Carl Junction
When Internet access is poor in a town of 7,500, it is not easy to get the attention of AT&T or Mediacom. It is also not easy to fund an estimated $5 million fiber project in a fiscally conservative community, even when the majority of residents need better connectivity. In Carl Junction, Missouri, local leaders are partnering with a local private ISP to offer high capacity LTE wireless Internet access for residents and businesses if enough people pre-subscribe. The town will purchase the equipment and provide locations for installation. In exchange, their partner will perform all installation and management of the network; the town will also share in revenue beyond a 10 percent take rate and will also receive free public Wi-Fi.  Carl Junction’s partnership is one of many approaches that show how these partnerships have varying levels of risk and reward.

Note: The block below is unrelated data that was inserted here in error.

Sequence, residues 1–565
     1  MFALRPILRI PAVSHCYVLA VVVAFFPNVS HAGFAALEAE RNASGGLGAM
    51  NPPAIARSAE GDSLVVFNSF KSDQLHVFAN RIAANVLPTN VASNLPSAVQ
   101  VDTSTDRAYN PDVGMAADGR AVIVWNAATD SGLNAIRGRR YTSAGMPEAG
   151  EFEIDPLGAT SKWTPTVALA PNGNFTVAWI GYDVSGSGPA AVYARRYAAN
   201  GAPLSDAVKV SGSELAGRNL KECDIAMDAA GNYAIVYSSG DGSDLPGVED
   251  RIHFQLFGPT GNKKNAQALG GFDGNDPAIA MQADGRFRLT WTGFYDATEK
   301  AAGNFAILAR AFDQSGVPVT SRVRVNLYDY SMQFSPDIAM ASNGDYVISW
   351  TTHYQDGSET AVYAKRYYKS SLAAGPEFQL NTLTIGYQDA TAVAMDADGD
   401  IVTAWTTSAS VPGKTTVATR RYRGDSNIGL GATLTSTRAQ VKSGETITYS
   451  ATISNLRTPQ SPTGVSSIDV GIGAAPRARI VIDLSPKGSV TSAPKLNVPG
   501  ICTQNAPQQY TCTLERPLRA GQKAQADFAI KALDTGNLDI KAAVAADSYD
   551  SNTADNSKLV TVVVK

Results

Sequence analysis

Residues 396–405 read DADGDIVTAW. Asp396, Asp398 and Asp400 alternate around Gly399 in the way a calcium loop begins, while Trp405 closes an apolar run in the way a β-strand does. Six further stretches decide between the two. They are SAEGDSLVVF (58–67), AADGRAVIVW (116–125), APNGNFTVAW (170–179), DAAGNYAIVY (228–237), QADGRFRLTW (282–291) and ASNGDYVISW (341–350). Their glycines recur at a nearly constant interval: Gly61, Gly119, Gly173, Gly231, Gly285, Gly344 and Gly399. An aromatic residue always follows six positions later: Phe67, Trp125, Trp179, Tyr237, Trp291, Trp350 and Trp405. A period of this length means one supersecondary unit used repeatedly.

P3s may be the best solution for some communities, but they are not a guaranteed superior approach to a project owned and operated by local governments. Some of the most celebrated networks in this country, including Wilson, Lafayette, and Chattanooga, are not structured as P3s. The Governing article ends on this reminder:

“It’s a tool that can be valuable but needs to be used very carefully and with a complete understanding,” says Bob Ward, New York’s deputy comptroller for budget and policy analysis. He notes that public-private partnerships aren’t the only way to do big projects. “We went to the moon without a P3.”